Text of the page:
This sense, which Nietzsche calls “pessimism,” is a “preliminary form of Nihilism.” Nihilism leads to the belief that all definitions of good and evil are “arbitrary,” which in turn “deprives us of any common vision.”
As Hibbs tells us, Nietzsche foresaw two possible responses to the knowledge that God is dead. The first is a “despair” which leads to a “stagnation of the creative will.” The second is an embrace of “creative boldness” that declares its independence from outmoded notions of right and wrong. According to Hibbs, both responses are present in much of today’s television and movies.
In the case of “creative boldness,” the past 25 years have witnessed the emergence of an unprecedented character whom Hibbs calls the “demonic anti-hero.” Examples of this type are Cady, the character played by Robert DeNiro in Cape Fear, and Hannibal Lecter, the role in Silence of the Lambs that won Anthony Hopkins his Oscar.
Unlike the classic hero, or even the flawed hero of film noir, the demonic anti-hero revels in his freedom from moral restraints and invites the audience to celebrate his liberation. Recall Lecter’s last line in Silence of the Lambs. Looking at his old nemesis, he tells Clarice that “I’m having an old friend for dinner”—in other words, “I’m gonna kill him and eat him.” I bet you laughed. I did.
The demonic anti-hero is the emblem of a worldview increasingly portrayed in movies where, as Hibbs writes, “ultimate justice is elusive, where we are tempted to see the underlying force as malevolent and punitive. . . . [This world sees] violence and ineradicable guilt as the underlying truth about the human condition.” In other words, no one cares, no one is in control, no one is innocent, and even if someone is, there’s no one around to vindicate his rights. This is the worldview not only of the two films I’ve already mentioned, but also of virtually every horror film, and of shows like Buffy the Vampire Slayer and The X-Files.
Spiritually Impoverished Seinfeld
The other response, that of “despair,” is subtler, but no less corrosive. As Hibbs’s subtitle tells us, this response is best embodied in the definitive comedy of the nineties: Seinfeld. Have there ever been four more spiritually impoverished people than Jerry, Elaine, George, and Kramer? Did you ever see four people who aspired to less?
From the start, the writers of Seinfeld followed two important rules: no hugs and no learning. The result was a world without any pretense to virtue, or even sentiment. A world where earnestness was nowhere to be found and where the surface was all there was. In such a world the only posture that makes sense is detached irony, that is, to be like Jerry. (And like all successful shows, Seinfeld spawned its imitators. Shows like Friends are basically “Seinfeld lite.” They are trivial and superficial, but they lack the guts to go all the way and embrace the “no hugs and no learning” rule.) Which is exactly the kind of world you’d expect to find if God were dead and people didn’t have the ambition to be Hannibal Lecter.
Since the shootings at Columbine, this trend has accelerated. If anything, the aspirations displayed in movies and television, especially those aimed at teenagers, have gotten even smaller. Shows like Dawson’s Creek and Popular depict a world where teenage preoccupations with sex and popularity assume mythic proportions. You can expect an endless run of movies aimed at teens where the raison d’être is getting laid in time for the prom.
Meanwhile, the creatively bold crowd has come out with what may be the ultimate in demonic anti-heroes: Patrick Bateman, the protagonist of American Psycho, a film about a yuppie stock trader whose real passion is serial murder. The film, based on the controversial Bret Easton Ellis novel, purports to hold out Bateman as an object of loathing and disgust, but by making him rich, good-looking, and oddly charismatic, the odds are that audiences, especially kids, will respond to him just as they did to Hannibal Lecter.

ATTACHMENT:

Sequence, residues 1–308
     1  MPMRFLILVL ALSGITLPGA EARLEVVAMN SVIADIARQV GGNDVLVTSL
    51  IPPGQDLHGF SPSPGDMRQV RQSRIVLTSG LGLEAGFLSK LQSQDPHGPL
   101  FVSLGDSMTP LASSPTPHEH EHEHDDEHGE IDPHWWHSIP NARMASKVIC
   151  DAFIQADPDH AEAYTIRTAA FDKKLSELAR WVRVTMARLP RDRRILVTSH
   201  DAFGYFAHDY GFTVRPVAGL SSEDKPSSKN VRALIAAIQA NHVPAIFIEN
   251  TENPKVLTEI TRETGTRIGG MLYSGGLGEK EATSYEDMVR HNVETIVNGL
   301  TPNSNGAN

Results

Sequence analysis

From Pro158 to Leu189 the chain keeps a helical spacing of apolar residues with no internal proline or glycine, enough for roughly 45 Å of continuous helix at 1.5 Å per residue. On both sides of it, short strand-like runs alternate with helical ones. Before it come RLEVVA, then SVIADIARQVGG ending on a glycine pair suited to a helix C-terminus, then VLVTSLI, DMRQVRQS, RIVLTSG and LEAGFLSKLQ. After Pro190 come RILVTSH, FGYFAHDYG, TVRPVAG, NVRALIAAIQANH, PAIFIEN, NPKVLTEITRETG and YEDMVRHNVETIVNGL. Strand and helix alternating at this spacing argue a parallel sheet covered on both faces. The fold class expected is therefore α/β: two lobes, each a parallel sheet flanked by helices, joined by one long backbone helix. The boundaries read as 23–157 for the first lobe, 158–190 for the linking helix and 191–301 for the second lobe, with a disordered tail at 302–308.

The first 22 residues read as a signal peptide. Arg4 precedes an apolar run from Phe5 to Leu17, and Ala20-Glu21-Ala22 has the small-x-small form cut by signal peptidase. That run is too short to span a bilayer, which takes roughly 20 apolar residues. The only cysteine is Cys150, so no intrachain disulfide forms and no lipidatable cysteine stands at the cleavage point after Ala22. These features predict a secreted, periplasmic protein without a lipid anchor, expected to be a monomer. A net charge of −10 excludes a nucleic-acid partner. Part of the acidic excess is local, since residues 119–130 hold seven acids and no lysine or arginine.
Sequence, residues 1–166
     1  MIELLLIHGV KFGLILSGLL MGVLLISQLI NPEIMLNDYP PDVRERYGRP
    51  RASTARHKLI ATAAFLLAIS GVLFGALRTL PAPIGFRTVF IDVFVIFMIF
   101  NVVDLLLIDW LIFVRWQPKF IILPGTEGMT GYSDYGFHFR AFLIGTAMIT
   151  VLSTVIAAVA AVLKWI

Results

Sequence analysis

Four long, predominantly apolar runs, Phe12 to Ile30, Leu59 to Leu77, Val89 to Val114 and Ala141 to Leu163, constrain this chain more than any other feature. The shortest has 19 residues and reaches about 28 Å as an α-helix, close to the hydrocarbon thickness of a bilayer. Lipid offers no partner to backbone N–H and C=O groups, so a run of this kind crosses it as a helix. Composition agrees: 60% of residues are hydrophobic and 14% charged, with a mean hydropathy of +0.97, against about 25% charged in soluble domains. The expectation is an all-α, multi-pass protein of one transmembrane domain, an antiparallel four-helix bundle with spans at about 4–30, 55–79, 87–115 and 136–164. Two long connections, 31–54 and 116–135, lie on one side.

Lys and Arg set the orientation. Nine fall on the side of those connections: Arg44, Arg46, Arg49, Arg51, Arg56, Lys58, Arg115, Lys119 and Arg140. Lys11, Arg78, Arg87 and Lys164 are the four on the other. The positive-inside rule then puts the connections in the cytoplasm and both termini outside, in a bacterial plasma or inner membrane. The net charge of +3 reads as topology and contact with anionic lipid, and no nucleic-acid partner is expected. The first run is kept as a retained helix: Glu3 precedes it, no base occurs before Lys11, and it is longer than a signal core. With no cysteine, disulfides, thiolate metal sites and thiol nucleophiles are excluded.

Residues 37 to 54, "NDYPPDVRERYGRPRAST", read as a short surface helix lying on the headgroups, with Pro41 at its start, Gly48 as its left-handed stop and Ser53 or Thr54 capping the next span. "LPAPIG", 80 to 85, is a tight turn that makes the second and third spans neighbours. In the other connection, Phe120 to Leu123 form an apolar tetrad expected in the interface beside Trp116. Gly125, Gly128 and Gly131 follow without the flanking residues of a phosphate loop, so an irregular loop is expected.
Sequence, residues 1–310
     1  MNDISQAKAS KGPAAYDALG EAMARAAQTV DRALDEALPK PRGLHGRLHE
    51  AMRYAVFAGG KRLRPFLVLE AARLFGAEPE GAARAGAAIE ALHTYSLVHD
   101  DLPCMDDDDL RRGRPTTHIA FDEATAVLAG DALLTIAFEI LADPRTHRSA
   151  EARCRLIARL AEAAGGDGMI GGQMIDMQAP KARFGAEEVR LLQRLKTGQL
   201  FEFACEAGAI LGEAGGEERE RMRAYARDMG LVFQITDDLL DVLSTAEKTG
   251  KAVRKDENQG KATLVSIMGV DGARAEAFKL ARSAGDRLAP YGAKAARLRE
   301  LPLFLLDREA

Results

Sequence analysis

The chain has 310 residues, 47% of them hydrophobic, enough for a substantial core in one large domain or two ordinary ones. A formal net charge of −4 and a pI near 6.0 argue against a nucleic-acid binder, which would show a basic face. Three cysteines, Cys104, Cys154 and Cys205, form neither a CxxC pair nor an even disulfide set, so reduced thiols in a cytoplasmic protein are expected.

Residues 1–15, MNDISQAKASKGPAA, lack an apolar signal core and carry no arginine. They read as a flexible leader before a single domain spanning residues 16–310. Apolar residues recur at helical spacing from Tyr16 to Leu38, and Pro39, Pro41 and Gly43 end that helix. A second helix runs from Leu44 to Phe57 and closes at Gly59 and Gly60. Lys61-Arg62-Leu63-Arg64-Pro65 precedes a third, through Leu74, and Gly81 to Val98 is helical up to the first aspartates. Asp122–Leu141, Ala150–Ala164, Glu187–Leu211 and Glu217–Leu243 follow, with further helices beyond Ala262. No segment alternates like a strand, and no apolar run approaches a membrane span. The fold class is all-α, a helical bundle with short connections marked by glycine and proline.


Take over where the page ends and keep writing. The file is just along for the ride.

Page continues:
And even shows without any “objectionable” content—in fact, no discernable content whatsoever—such as Who Wants to Be a Millionaire? and its imitators, reinforce the nihilistic streak in popular culture. The audience is expected to passively watch a total stranger answer a series of questions, nothing else. In its own way, Millionaire, which abandons the pretense of plot and narrative altogether, is just as morally empty as Seinfeld.
The nihilism of popular culture matters because, in a world where the influence of institutions such as the family and the church has diminished, popular culture has become an important source of values for many kids.
Which brings me back to Harris and Klebold. If what you watch and what you listen to leads you to believe that life is meaningless, then, as Nietzsche might have told you, you’ve got two choices: You can be Jerry Seinfeld or Hannibal Lecter. Which would you choose?
Any discussion of the role of popular culture always produces the rejoinder: “I watched Seinfeld. I saw Silence of the Lambs. I’ve never even thought of harming my classmates.” That’s usually true, but it’s important to understand that the Nihilism in pop culture affects different people in different ways.
Many people are temperamentally incapable of perpetrating violence. Instead, they manifest the effects by becoming depressed and indifferent. Or they adopt a posture of irony—what Hibbs might call “the Seinfeld syndrome”—where they embody the superficial and passive creatures, always seeking to be amused, whom Nietzsche called “the last man.”
The antidote to nihilism is, of course, faith. And, in an ironic way, Harris and Klebold themselves proved how powerful an antidote this kind of belief is. When they stopped to ask prospective victims, “Do you believe in God?” it was as if they were saying, “If we did, we wouldn’t be here.” Even having embraced darkness, they recognized light when they saw it.
And it’s this light that’s our best bet against what happened in Littleton, Colorado. In the end, believing in something—in particular, the God and Father of our Lord Jesus Christ—is the best way to not succumb to the nihilism taught by shows about nothing.
A shorter version of this article appeared in the web magazine Boundless.
Roberto Rivera is a Fellow at the Wilberforce Forum at Prison Fellowship. His work has appeared in Books & Culture, and he is also a regular contributor to the web magazine Boundless. He is a contributing editor for Touchstone.